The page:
Predicting epileptic seizures might be more difficult than previously thought
By studying the brain dynamics of 28 subjects with epilepsy, scientists demonstrated there is no evidence for a previously suspected warning sign for seizures known as "critical slowing down."
In 2013, some of the first seizure-prediction devices were developed and successfully tested. Although extensive research efforts have successfully identified predictors of imminent seizures, the concept of critical slowing down as an index for seizure susceptibility has been controversial and remained unproven.
Critical slowing down refers to characteristic changes in the behavior of a complex system that approaches a theoretical tipping point. When this point is exceeded, it can lead to impactful and devastating changes. An epileptic human brain is considered an excellent example of a system such as this, due to the extreme and distressing nature of a seizure.
In a paper published in Chaos, researchers investigated recordings of brain dynamics that captured 105 epileptic seizures using time-resolved estimates of early warning indicators of the seizures.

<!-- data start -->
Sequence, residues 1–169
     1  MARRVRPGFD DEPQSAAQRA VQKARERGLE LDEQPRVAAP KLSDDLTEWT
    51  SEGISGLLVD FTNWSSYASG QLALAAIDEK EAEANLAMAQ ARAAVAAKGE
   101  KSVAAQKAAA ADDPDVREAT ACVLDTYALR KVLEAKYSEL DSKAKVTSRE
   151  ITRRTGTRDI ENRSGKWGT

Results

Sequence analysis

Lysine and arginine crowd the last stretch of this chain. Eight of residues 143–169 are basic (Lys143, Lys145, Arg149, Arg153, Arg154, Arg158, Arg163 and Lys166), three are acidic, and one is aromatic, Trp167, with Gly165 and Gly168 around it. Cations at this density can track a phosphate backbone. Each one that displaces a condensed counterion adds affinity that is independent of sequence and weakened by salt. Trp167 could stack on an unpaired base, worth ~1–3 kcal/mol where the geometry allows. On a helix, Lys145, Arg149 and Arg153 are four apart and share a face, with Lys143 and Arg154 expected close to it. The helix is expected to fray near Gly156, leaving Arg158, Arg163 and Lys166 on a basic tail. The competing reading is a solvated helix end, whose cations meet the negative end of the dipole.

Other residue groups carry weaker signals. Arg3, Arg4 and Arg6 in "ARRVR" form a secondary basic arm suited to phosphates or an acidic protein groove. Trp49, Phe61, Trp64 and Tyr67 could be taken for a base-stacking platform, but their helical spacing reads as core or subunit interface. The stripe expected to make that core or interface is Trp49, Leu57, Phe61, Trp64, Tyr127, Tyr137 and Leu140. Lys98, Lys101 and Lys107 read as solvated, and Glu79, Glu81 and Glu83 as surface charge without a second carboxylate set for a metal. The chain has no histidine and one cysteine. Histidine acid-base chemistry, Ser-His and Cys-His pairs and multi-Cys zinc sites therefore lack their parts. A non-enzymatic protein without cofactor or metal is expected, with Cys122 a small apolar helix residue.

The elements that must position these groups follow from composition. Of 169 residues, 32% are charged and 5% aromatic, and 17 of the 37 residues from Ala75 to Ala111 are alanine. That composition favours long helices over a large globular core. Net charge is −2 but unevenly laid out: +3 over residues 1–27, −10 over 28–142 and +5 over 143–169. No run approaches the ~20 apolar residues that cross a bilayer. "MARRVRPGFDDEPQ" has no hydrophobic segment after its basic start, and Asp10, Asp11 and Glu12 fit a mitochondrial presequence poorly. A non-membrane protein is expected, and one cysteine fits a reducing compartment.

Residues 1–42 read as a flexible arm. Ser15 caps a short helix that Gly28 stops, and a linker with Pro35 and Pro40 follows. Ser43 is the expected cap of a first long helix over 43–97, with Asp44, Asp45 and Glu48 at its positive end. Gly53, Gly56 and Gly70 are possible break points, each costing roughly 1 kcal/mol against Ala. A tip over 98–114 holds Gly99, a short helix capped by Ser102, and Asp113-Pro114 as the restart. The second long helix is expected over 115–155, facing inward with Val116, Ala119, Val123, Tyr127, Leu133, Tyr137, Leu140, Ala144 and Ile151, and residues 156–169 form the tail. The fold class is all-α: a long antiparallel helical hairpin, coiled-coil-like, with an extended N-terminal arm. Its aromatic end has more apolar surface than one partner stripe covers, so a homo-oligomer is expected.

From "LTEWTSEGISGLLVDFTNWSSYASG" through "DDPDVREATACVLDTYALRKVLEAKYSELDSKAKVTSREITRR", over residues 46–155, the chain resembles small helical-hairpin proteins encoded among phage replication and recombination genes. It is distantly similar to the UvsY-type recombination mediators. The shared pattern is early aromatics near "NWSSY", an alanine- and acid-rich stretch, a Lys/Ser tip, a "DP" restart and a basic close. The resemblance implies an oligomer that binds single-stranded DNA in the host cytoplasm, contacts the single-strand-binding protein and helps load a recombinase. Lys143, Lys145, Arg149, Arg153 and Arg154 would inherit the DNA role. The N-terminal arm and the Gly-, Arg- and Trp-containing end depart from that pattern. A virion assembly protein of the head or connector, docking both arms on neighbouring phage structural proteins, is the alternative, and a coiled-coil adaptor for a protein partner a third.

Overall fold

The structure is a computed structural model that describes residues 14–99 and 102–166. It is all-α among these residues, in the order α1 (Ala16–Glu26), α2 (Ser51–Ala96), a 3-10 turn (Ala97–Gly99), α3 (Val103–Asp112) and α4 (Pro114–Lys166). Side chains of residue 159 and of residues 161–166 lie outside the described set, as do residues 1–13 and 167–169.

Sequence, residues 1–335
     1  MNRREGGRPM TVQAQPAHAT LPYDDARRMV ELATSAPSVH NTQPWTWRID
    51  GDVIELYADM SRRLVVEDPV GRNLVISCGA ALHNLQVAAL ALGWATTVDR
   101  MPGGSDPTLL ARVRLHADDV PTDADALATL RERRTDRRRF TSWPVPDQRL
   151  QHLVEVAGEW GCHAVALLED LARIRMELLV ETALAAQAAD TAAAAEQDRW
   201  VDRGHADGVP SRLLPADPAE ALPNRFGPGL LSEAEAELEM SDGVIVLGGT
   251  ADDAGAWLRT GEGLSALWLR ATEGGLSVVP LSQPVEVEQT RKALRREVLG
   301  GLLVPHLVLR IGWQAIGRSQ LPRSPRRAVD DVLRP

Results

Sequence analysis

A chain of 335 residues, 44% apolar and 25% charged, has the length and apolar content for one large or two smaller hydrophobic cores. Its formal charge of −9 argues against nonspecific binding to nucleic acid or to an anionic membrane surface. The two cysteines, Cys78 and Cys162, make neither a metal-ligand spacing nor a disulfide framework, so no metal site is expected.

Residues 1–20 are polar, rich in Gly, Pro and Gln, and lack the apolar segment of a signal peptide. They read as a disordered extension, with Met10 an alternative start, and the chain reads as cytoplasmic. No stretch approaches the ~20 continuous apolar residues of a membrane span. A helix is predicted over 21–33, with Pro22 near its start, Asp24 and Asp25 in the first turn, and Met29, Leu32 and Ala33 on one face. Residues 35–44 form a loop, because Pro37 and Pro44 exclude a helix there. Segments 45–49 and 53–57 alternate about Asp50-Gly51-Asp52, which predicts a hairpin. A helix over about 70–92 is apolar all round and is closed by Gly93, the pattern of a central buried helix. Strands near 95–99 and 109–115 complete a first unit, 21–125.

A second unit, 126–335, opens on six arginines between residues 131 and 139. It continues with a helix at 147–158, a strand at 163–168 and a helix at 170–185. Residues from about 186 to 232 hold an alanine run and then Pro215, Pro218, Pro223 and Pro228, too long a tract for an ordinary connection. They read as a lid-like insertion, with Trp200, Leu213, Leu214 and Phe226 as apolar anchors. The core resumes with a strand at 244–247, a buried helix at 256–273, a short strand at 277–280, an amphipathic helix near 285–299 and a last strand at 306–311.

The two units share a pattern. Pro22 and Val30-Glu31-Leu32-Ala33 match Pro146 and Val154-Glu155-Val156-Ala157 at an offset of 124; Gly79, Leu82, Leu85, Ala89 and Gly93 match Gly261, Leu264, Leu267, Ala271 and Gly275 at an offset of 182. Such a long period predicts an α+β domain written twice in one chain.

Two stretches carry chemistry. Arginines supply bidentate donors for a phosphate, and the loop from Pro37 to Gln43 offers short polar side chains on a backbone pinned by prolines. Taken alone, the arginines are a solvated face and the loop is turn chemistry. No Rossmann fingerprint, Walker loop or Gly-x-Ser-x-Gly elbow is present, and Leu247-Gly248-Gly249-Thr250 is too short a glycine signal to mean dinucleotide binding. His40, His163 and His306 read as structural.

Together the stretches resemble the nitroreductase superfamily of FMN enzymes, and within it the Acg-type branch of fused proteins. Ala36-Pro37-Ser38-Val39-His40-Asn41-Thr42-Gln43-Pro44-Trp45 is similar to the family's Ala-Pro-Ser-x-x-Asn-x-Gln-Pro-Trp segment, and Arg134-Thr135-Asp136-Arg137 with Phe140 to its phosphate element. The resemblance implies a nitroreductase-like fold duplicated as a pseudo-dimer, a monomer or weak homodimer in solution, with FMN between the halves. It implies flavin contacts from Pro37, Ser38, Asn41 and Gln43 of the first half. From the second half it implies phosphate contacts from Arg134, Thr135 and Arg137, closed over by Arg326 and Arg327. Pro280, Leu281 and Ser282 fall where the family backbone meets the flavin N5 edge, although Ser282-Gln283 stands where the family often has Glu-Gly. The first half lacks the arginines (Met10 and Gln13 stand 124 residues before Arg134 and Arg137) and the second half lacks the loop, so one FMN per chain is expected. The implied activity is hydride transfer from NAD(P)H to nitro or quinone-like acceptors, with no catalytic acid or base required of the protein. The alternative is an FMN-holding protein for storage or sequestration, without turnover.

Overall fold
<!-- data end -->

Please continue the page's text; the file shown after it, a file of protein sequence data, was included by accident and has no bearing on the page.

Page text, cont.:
"In our investigations, we used the most prominent indicators and showed that critical slowing down prior to human epileptic seizures is not verifiable," neurophysicist Thorsten Rings said. "This demonstrates that the concept underlying critical slowing down is too simple of a model for the human brain."
Instead of critically slowing down, the researchers discovered the seizures acted oppositely and critically sped up, indicating the brain dynamics were less sensitive to changes and experienced a faster return to an unperturbed state.
"Similar indicators of critical slowing down can even be observed in relation to daily rhythms, such as sleeping and waking, but we lack clear-cut evidence for critical slowing down preceding such changes," researcher Theresa Wilkat said. "Therefore, it is hard to clearly distinguish between a critical transition into a seizure and a critical transition into other states."
An in-depth model of the transition into a seizure is still missing, but considering their research, Klaus Lehnertz and his team said the concept of critical slowing down is insufficient as a predictive method. They believe future studies should develop improved models and analysis techniques.
"A promising future approach might be to investigate how seizures emerge from large-scale brain networks by taking into account their time-varying structure and function," Lehnertz said.